Detections of cryptomining malware has increased by 459 percent since last year, according to a new report released today by the Cyber Threat Alliance (CTA), citing statistics collected from several of its member companies.
Titled “The Illicit Cryptocurrency Cyber Threat,” the report warns that this dramatic year-over-year rise is no fluke, noting that illegal mining activity will likely continue to proliferate in the coming years as long as cryptocurrencies still hold value among criminals and targeted machines and devices remain vulnerable to attack.
On the other hand, if cryptocurrency value sinks, as has been the recent trend with with Bitcoin, then bad actors could abandon mining campaigns and instead leverage their access to compromised systems to perform ransomware attacks or perhaps steal data, the report continues.
The CTA also has predicted that attackers could begin to attack “non-currency-related blockchain technologies” in development that companies may use to “track transactions, share information, maintain records or uphold smart contracts.
For instance, smaller blockchain networks may be susceptible to so-called “51 percent attacks,” by which attackers control take over a majority of the blockchain’s hashing power, allowing them to prevent transactions or even alter records.
“A successful attack of this kind on a blockchain could have devastating consequences, depending on what the enterprise blockchain is being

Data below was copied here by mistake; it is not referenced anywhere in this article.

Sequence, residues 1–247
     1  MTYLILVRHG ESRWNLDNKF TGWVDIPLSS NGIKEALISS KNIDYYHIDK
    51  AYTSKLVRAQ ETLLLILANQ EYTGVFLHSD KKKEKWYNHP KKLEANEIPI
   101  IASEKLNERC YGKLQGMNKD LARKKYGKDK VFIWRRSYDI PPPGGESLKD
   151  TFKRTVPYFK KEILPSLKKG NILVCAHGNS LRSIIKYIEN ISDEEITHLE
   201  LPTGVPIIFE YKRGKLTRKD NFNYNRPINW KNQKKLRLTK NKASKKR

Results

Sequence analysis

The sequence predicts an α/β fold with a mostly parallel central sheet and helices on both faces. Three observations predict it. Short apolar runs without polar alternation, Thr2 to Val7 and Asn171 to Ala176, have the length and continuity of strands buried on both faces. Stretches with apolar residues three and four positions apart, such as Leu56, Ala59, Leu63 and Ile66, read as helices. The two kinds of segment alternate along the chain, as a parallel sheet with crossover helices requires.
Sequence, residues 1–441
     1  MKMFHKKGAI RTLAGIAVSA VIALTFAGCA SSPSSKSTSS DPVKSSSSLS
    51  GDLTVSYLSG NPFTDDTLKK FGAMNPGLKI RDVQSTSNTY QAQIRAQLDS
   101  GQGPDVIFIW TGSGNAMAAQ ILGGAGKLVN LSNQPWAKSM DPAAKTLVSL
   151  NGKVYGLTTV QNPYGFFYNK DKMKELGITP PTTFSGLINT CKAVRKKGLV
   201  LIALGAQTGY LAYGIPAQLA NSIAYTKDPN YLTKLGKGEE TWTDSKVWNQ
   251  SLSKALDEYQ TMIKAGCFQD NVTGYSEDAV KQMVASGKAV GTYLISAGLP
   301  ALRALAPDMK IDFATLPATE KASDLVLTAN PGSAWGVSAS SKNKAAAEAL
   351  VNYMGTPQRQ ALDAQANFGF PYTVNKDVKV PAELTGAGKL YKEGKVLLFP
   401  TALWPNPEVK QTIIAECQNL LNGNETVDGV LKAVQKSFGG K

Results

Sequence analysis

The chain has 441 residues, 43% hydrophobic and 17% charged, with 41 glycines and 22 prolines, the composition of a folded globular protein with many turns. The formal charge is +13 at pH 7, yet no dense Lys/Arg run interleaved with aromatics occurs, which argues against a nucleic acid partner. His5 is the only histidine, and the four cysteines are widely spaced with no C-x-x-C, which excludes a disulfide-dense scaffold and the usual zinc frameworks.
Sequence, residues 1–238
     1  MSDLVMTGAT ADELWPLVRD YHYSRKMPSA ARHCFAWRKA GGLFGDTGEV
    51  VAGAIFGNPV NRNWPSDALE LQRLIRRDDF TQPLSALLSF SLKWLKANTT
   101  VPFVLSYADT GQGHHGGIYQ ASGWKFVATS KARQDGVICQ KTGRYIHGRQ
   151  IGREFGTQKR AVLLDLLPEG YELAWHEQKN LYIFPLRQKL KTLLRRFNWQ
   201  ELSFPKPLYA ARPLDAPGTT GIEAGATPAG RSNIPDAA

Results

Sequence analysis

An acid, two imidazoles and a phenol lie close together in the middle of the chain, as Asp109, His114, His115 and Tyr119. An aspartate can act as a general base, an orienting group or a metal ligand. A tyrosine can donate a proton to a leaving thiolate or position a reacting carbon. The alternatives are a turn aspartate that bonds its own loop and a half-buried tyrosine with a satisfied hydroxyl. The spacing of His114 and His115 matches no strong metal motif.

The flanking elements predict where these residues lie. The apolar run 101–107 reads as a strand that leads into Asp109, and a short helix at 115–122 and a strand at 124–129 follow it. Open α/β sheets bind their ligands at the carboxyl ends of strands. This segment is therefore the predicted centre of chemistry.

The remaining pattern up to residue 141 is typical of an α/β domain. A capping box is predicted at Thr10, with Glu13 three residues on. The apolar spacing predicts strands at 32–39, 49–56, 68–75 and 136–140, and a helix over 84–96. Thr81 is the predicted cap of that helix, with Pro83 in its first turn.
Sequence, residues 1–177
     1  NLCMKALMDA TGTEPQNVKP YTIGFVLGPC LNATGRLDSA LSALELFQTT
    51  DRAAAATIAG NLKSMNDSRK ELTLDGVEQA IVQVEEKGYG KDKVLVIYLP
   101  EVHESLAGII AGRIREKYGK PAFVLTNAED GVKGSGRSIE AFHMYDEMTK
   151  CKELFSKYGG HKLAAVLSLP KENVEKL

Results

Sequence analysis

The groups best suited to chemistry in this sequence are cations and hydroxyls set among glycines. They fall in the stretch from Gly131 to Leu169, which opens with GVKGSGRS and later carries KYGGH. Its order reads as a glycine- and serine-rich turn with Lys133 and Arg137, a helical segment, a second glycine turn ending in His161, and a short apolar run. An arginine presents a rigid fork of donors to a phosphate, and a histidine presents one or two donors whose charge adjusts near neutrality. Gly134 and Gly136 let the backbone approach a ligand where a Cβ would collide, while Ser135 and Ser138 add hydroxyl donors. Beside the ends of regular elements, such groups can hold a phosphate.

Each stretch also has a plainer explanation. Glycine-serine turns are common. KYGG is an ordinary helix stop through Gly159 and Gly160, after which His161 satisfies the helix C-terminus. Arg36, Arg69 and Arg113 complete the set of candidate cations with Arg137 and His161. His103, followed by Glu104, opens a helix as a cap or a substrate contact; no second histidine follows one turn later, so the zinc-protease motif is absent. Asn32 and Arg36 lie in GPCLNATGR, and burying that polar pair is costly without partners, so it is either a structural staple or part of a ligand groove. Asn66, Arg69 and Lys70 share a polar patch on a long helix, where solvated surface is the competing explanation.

used for,” states CTA.
Finally, the report anticipates that rogue nation-states will begin to play a more active role in cryptomining attacks as a means of raising funds, skirting sanctions, and supporting other offensive cyber campaigns. Noting that North Korean cyber actors are already suspected of launching ransomwares attack, conducting cyber bank heists, and stealing from cryptocurrency wallets, CTA concludes in its report that there’s “little reason to believe that they would not conduct illicit cryptocurrency mining as another way to raise funds.” Additionally, “We expect that other nation states, such as Iran or Russia, may leverage illicit cryptocurrency mining for the same reasons.”
CTA’s research cited a slew of recent reports from its member organizations to support its premise. For instance, Fortinet noted last June that the number of its customer companies impacted by miners jumped from 13 percent in Q4 2017 to 28 percent in Q1 2018. Meanwhile, a June McAfee report reported more than 2.9 million samples of coin mining malware in Q1 2018 — a 629 percent rise from the nearly 400,000 samples detected the previous quarter.
Charles McFarland, senior research scientist at McAfee, said in his own company’s blog post that the research report “represents the first joint industry initiative to educate enterprises and consumers about the growing threat of cryptocurrency mining. By improving security postures and adhering to proper security practices, we can increase the difficulty of these attacks succeeding, thus disrupting malicious behavior.”